THE American authors, Fricdenwald and Ruhrah, in their text-book on Dietetics, point out that in many hospitals the diet for patients is selected by the nurses, with the exception of a few of the more important diseases such as typhoid fever, diabetes, and the like.

There is some reason for thinking that the same remark may also be applied to some hospitals in this country. An efficient remedy for this state of affairs will not perhaps be found until instruction in dietetics is made an essential part of the medical student's curriculum.

At the present time it is found that in many institutions where the official dietary leaves little or nothing to be desired, the actual dietary is in a manner faulty. Use and wont has led to the establishment of an increased number of feeding hours with a proportionate increase in the total amount of food, some of which there is good reason to believe is injurious rather than beneficial.

A concrete example of this is given in the table on p. 546, which gives the official dietary of a large infirmary, and, for comparison, the actual dietary in vogue in the same institution.

This official dietary allows for three good meals a day, which is ample for the majority of patients. Use and wont, however, has led to the following dietary being adopted as the average one for ordinary and convalescent diets in that institution: -

Hospital Diet

Full or Ordinary Diet.

Convalescent Diet

Beef-tea Diet.

Milk Diet.


Coffee or tea.

As ordinary.

Milk. 1 pint

Butter, 1/2 oz. ; bread, 6 oz.

Bread, 4 oz.

Bread, 4 oz.

Porridge and 1/2 pint milk, if desired.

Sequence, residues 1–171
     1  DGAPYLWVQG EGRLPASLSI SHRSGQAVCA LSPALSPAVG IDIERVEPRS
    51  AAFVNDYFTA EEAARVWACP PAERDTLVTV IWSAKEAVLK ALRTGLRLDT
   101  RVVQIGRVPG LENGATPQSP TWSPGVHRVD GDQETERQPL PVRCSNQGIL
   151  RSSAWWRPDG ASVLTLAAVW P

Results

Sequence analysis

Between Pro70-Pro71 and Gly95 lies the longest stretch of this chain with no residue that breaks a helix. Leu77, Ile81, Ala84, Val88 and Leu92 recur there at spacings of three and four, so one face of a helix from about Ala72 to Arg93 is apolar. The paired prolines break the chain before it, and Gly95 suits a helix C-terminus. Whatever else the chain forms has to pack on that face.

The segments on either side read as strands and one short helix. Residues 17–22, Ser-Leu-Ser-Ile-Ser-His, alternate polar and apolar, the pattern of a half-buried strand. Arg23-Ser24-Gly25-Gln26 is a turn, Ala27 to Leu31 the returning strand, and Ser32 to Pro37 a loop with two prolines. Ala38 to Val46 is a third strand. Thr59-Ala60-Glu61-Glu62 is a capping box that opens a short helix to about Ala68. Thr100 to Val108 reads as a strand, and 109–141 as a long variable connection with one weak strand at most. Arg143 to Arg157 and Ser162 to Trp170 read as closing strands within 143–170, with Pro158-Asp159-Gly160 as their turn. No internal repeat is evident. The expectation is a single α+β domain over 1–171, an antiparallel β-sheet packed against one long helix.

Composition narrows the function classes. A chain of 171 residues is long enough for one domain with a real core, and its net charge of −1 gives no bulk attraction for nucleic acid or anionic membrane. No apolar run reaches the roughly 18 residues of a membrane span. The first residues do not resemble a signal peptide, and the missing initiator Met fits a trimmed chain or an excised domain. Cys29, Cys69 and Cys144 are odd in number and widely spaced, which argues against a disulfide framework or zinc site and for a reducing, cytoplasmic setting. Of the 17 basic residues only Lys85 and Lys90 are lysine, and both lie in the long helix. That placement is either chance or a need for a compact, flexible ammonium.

Butter, 1/2 oz

Dinner .

Meat, boiled or roast, 8 oz.

Fish, 8 oz., or chicken, 6 oz.

(roast, boiled, or stewed); or Minced collops, 6 oz.; or Mutton cutlets; or Tripe, if desired.

Beef-tea, or Chicken broth.

Milk, I pint.

Vegetables, 12 oz.

Rice, sago, arrowroot.

Bread, 4 oz.

Farinaceous pudding (custard occasionally).

Cornflour, etc , 2 oz.


(Farinaceous or suet pudding once a week in lieu of soup).

Bread, 6 oz.

Bread, 6 oz.

Vegetables. 8 oz.

Bread, 4 oz.




As ordinary.

As breakfast.

As breakfast.

Bread. 6 oz.

Sago or arrowroot, 1 oz. in addition,if desired.

Butter, 1/2 oz.

-When meat is boiled, a portion of the vegetables to be used for the soup; no extras to be given with the two first diets, except stimulants. Half a pint of sweet milk, with a slice of bread, for Lunch, to every patient requiting it.

For the purpose of comparison, the official and actual dietaries are here given side by side: -

Official Dietary.

Actual Dietary.

5 A.M. : Morning Snack, consisting of milk, 8 ounces ; or beef-tea, 8 ounces. Bread and butter, 2 to 3 ounces.

8 a.m. : Breakfast -

8 A.M. : Breakfast-

Coffee or tea.

As laid down on the chart.

Butter, 1/2 ounce ; bread, 6 ounces.

Porridge and 1/2 pint of milk, if desired.

10 to 11 A.M. : Lunch -

Milk, 8 to 10 ounces.

Bread and butter, 2 to 3 ounces.

1.30 P.M. : Dinner -

1.30 p.m. : Dinner -

Meat, boiled or roast, 8 ounces.

Consisting of soup, meat, and pudding. (Patients on convalescent diet get white meat).

Vegetables, 12 ounces.

Bread, 4 ounces.


(Farinaceous or suet pudding once a week in lieu of soup).

4.30 P.M. : Tea -

4.30 p.m. : Tea -



Bread, 6 ounces.

Bread and butter, 3 to 6 ounces.

Butter, 1/2 ounce.

An egg.

7 P.M. : Supper -

Milk, 6 to 10 ounces.

Bread and butter, 1 1/2 to 2 ounces.